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Global Marine Power, Inc. v. Kustom Engines & Performance Engineering, LLC

Supreme Court of New York, Second Department

July 3, 2013

Global Marine Power, Inc., respondent,
v.
Kustom Engines & Performance Engineering, LLC, et al., defendants, Index No. 23578/07

William Pyburn, appellant. Mark L. Lubelsky, New York, N.Y., for appellant.

Campanelli & Associates, P.C., Merrick, N.Y. (David A. Antwork of counsel), for respondent.

WILLIAM F. MASTRO, J.P., L. PRISCILLA HALL PLUMMER E. LOTT SANDRA L. SGROI, JJ.

DECISION & ORDER

In an action, inter alia, to recover damages for breach of contract and violation of Debtor and Creditor Law § 273, the defendant William Pyburn appeals, as limited by his brief, from so much of an order of the Supreme Court, Suffolk County (Emerson, J.), dated September 4, 2012, as denied those branches of his motion which were pursuant to CPLR 3211(a)(7) and (8) to dismiss the first and third causes of action and a claim for punitive damages set forth in the second amended complaint insofar as asserted against him.

ORDERED that the order is modified, on the law, by deleting the provision thereof denying that branch of the motion of the defendant William Pyburn which was pursuant to CPLR 3211(a)(7) to dismiss the claim for punitive damages set forth in the second amended complaint insofar as asserted against him, and substituting therefor a provision granting that branch of the motion; as so modified, the order is affirmed insofar as appealed from, with costs to the plaintiff.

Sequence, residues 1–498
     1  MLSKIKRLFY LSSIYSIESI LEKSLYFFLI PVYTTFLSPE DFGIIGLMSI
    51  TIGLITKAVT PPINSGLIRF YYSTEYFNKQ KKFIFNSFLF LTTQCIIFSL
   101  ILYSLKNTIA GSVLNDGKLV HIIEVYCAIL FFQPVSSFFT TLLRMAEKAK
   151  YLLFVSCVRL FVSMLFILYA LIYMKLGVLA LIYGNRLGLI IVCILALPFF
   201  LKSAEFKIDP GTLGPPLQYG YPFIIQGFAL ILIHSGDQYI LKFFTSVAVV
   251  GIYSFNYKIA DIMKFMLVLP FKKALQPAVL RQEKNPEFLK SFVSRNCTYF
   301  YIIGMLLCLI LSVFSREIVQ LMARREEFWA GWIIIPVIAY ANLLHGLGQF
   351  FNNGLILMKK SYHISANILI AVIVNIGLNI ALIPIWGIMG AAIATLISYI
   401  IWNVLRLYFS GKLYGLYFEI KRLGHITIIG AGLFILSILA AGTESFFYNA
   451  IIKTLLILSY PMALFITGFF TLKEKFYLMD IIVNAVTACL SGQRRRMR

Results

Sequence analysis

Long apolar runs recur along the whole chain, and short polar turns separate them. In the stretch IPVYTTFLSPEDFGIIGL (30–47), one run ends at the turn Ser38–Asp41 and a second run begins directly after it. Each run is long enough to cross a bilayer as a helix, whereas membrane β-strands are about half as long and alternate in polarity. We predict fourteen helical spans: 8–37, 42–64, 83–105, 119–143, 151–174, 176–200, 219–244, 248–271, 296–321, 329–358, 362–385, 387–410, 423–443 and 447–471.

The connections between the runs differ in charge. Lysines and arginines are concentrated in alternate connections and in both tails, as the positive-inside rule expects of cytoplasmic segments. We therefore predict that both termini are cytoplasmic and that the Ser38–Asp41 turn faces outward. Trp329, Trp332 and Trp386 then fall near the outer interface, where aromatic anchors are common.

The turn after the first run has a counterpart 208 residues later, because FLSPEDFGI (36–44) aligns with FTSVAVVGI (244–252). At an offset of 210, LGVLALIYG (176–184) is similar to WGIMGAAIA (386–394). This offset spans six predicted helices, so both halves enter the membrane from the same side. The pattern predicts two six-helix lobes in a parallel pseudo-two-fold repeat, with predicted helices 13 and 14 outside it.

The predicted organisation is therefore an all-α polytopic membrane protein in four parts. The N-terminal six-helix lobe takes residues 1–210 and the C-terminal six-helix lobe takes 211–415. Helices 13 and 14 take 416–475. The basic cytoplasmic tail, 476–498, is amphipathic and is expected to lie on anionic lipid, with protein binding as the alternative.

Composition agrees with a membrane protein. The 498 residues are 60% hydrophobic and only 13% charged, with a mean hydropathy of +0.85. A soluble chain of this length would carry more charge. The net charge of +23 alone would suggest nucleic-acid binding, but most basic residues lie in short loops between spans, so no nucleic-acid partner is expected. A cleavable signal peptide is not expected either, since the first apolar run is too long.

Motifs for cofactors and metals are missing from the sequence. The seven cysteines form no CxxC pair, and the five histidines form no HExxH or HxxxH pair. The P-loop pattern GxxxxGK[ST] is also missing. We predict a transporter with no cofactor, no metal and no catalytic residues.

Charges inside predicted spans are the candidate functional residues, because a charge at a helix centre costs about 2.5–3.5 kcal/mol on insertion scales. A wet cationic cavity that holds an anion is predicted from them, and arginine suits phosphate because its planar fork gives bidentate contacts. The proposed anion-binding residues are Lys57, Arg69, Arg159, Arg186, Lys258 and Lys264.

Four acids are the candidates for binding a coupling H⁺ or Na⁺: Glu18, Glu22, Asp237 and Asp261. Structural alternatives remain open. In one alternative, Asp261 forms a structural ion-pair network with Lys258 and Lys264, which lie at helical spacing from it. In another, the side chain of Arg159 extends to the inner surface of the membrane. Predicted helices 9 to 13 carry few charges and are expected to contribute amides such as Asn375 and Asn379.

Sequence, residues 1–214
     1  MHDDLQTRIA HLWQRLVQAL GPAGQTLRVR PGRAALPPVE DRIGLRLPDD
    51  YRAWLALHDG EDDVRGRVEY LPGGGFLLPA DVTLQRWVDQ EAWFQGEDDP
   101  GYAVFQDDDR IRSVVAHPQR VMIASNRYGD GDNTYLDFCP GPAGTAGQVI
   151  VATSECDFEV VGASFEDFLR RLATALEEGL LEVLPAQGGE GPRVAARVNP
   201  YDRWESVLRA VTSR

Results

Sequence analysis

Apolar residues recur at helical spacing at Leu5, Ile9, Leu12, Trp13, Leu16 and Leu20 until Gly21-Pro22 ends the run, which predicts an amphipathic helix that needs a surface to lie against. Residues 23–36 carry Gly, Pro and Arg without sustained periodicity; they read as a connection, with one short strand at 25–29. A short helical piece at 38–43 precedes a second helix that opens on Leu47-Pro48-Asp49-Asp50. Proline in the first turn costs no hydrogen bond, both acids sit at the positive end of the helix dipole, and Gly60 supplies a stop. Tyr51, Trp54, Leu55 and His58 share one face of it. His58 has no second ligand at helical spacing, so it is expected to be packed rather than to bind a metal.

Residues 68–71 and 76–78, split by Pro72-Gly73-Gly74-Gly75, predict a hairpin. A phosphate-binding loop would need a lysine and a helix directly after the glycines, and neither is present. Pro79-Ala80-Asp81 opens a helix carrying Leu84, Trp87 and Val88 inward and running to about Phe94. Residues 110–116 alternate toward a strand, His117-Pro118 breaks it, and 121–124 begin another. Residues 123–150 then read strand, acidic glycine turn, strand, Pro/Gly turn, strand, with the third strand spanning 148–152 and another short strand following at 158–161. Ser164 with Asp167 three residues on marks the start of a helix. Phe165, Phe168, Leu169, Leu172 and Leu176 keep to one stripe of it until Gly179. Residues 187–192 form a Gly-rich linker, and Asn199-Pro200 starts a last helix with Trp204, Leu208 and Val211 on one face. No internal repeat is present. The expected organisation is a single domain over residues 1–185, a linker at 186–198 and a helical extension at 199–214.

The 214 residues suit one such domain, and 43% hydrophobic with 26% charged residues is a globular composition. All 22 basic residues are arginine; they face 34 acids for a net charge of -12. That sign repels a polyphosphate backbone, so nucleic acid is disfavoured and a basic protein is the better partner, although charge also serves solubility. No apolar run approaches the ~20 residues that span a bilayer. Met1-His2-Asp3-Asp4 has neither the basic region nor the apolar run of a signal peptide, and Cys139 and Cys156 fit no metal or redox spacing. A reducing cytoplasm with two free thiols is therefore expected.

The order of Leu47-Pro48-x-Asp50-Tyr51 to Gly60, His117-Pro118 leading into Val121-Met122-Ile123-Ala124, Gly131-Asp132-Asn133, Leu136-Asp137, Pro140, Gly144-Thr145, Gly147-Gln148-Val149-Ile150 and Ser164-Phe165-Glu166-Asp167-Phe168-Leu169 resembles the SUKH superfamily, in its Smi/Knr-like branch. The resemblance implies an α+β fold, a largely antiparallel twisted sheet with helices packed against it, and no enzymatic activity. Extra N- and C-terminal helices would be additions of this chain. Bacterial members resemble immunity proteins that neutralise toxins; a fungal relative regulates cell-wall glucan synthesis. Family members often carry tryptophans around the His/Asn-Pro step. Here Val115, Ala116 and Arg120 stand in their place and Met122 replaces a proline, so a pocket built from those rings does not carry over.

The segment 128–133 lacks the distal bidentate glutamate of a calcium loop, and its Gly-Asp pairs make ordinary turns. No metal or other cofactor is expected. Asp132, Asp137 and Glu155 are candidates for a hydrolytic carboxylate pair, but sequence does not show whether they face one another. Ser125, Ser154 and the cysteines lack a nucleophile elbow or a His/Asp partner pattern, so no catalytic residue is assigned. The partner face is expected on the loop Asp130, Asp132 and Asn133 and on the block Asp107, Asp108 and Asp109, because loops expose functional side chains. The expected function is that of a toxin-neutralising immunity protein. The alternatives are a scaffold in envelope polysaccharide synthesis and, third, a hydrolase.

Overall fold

Contrary to the contentions of the defendant William Pyburn, that branch of his motion which was pursuant to CPLR 3211(a)(8) to dismiss the first and third causes of action in the second amended complaint insofar as asserted against him on the ground of lack of personal jurisdiction was properly denied. The allegations contained in these causes of action, which are assumed to be true for the purposes of the motion (see Weitz v Weitz, 85 A.D.3d 1153, 1153-1154), were sufficient to set forth a factual basis for subjecting Pyburn to the jurisdiction of the New York courts (see generally Kreutter v McFadden Oil Corp., 71 N.Y.2d 460, 467; Ventresca Realty Corp. v Houlihan, 28 A.D.3d 537, 538; J.P. Endeavors v Dushaj, 8 A.D.3d 440, 442).

On a motion pursuant to CPLR 3211(a)(7) to dismiss for failure to state a cause of action, the pleading must be liberally construed, the factual allegations must be deemed true, and the pleading party must be accorded the benefit of every possible inference (see Leon v Martinez, 84 N.Y.2d 83, 87; Kopelowitz & Co., Inc. v Mann, 83 A.D.3d 793, 797; Panish v Panish, 24 A.D.3d 642, 643). Applying this standard to the allegations set forth in the second amended complaint, we find that the plaintiff adequately alleged the first cause of action, sounding in breach of contract, and the third cause of action, alleging a violation of Debtor and Creditor Law § 273 against Pyburn.

However, Pyburn correctly contends that the complaint merely alleges a private wrong and is insufficient to support a claim for punitive damages (see generally New York Univ. v Continental Ins. Co., 87 N.Y.2d 308, 315-316). Accordingly, the claim for punitive damages must be dismissed.

MASTRO, J.P., HALL, LOTT and SGROI, JJ., concur.


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